The Reserve Bank has recently given the very broadest of hints that increasing official interest rates is on its agenda but those that bet on such things do not yet think it will be done at the Board's October meeting where the Crikey Interest Rate Indicator still has no change as the most likely outcome.
Wednesday, 30 September 2009
The day of increased interest rates must have moved considerably closer this morning when the economic pundits were again surprised by the strength of the Australian economy. The Australian Bureau of Statistics reported that retail sales in August, seasonally adjusted, grew by 0.9% following declines of 0.9% in July and 0.8% in June 2009. The median of the economists surveyed by Bloomberg had predicted a much smaller sales increase of 0.5%
Posted by Richard Farmer at 21:25
Barack Obama delivers himself again to the fate of the ballot box on Friday when he fronts the International Olympic Committee meeting in Copenhagen to support his home town's bid to conduct the 2016 Olympic Games. The Crikey Olympics Indicator thinks he can win again with Chicago the firm favourite.
Posted by Richard Farmer at 21:12
Monday, 28 September 2009
St Kilda players are not punters. We know that from the atrocious way they behaved after the final siren. Just imagine the anguish of a Sainter in those final seconds. There’s the devastation of defeat but at least the satisfaction of knowing that you’ve got the money from TAB Sportsbet because of the 9 1/2 points start. But no! The backmen in black, red and white have walked away from the goal square like zombies. No one stayed behind to stop that final, after the siren, punt from dribbling through. A Geelong winning margin of 12 points and thousands of Saints fans deprived of the consolation of being able to say we might have been robbed of the game but at least we won the money.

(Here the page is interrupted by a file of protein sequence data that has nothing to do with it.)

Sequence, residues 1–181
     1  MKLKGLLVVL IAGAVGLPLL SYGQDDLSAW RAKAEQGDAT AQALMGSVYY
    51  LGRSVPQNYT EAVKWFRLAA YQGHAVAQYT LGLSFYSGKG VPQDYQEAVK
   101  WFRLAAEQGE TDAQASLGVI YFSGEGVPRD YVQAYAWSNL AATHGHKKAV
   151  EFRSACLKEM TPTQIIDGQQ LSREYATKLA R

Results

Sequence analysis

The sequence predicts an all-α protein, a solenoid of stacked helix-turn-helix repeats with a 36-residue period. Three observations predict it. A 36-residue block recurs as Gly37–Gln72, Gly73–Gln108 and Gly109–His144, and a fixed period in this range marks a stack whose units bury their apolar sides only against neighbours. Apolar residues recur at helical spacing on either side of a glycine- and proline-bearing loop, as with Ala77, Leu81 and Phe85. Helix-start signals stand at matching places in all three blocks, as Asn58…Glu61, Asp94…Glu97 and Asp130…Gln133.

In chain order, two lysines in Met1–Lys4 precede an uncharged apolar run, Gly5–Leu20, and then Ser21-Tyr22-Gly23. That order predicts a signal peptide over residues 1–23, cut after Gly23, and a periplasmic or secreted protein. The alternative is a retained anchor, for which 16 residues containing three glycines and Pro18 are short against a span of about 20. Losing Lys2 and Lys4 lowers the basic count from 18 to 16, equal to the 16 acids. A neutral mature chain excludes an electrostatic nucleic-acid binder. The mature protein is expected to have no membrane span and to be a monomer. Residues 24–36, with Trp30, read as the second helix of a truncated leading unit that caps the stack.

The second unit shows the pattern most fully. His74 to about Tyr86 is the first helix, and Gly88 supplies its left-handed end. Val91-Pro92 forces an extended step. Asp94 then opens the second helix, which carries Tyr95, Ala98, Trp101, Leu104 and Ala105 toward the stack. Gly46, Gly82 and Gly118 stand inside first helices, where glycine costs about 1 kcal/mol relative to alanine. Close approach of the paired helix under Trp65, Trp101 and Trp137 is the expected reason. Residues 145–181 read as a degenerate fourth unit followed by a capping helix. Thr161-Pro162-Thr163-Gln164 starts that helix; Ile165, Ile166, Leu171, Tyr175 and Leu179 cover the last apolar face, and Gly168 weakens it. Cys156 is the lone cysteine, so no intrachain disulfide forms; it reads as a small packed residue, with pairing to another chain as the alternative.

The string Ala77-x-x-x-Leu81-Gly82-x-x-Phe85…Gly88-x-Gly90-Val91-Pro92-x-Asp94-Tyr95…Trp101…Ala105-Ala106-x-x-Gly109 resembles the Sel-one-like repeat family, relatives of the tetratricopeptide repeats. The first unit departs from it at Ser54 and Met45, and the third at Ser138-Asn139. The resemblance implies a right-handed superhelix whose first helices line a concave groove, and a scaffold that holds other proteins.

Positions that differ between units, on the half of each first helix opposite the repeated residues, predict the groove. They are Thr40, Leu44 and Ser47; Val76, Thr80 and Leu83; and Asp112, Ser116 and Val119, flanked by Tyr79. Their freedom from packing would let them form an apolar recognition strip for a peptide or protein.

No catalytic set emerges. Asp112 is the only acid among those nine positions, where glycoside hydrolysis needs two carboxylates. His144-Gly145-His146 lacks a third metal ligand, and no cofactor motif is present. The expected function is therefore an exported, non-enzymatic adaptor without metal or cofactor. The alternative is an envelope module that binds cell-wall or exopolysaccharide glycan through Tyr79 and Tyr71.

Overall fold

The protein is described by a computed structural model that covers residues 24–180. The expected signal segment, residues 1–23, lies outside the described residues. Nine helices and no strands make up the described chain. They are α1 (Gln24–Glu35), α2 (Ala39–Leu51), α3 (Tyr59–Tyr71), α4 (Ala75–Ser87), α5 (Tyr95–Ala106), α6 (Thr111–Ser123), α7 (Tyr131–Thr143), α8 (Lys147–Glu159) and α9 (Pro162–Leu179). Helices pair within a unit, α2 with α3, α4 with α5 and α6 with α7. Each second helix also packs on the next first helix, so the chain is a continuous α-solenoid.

Posted by Richard Farmer at 21:40
This morning’s Newspoll will encourage Barnaby Joyce to keep on with is campaign of separating the National Party was far as possible from the Liberal Party. The analysis showing that, on the Newspoll figures over the past three months, the Coalition vote is holding up in rural areas while declining in the cities is clearly what the good Senator thought was happening. If his lot is not to go down the gurgler with the Libs then showing you are not the same is the best way of doing it.
Posted by Richard Farmer at 21:39
Malcolm Turnbull was quick to dismiss, during one of those interminable Sunday morning television interviews, the views of Treasury secretary Ken Henry that Australia’s economic stimulus package should not yet be wound back. The Turnbull view can be summarised as being — the head of Treasury would say that wouldn’t he — he’s a servant of the government. The leader of the Opposition clearly has no notion of the way that an independent and impartial public servant actually does serve the government of the day without becoming a liar on the government’s behalf. When Henry is asked to give a view, and does so, the opinion is most certainly what he believes. The great skill of the man, and many other decent and responsible senior public servants like him, is to find ways of not answering questions when to do so would involve engaging in criticism of his political masters. That is a long way different from being the unprincipled lackey that Turnbull describes. He clearly has spent too much time with the Godwin Grechs of Canberra and not enough with those who actually make the country work.